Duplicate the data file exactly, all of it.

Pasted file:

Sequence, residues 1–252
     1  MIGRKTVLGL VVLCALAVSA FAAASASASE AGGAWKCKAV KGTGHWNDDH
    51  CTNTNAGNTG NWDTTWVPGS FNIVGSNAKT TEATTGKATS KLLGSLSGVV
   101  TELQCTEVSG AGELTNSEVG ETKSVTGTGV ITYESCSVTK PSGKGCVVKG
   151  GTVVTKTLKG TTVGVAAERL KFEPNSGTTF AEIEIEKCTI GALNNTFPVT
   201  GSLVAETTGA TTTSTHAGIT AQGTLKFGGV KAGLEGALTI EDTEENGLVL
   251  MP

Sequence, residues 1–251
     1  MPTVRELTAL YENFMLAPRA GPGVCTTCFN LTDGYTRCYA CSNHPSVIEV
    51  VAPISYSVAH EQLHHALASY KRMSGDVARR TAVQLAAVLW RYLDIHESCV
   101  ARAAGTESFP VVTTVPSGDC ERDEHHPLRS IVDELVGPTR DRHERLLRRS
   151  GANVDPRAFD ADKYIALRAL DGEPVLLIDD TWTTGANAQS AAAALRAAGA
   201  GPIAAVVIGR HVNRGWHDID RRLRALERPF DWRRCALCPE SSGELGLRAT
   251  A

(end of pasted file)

Sequence, residues 1–252
     1  MIGRKTVLGL VVLCALAVSA FAAASASASE AGGAWKCKAV KGTGHWNDDH
    51  CTNTNAGNTG NWDTTWVPGS FNIVGSNAKT TEATTGKATS KLLGSLSGVV
   101  TELQCTEVSG AGELTNSEVG ETKSVTGTGV ITYESCSVTK PSGKGCVVKG
   151  GTVVTKTLKG TTVGVAAERL KFEPNSGTTF AEIEIEKCTI GALNNTFPVT
   201  GSLVAETTGA TTTSTHAGIT AQGTLKFGGV KAGLEGALTI EDTEENGLVL
   251  MP

Sequence, residues 1–251
     1  MPTVRELTAL YENFMLAPRA GPGVCTTCFN LTDGYTRCYA CSNHPSVIEV
    51  VAPISYSVAH EQLHHALASY KRMSGDVARR TAVQLAAVLW RYLDIHESCV
   101  ARAAGTESFP VVTTVPSGDC ERDEHHPLRS IVDELVGPTR DRHERLLRRS
   151  GANVDPRAFD ADKYIALRAL DGEPVLLIDD TWTTGANAQS AAAALRAAGA
   201  GPIAAVVIGR HVNRGWHDID RRLRALERPF DWRRCALCPE SSGELGLRAT
   251  A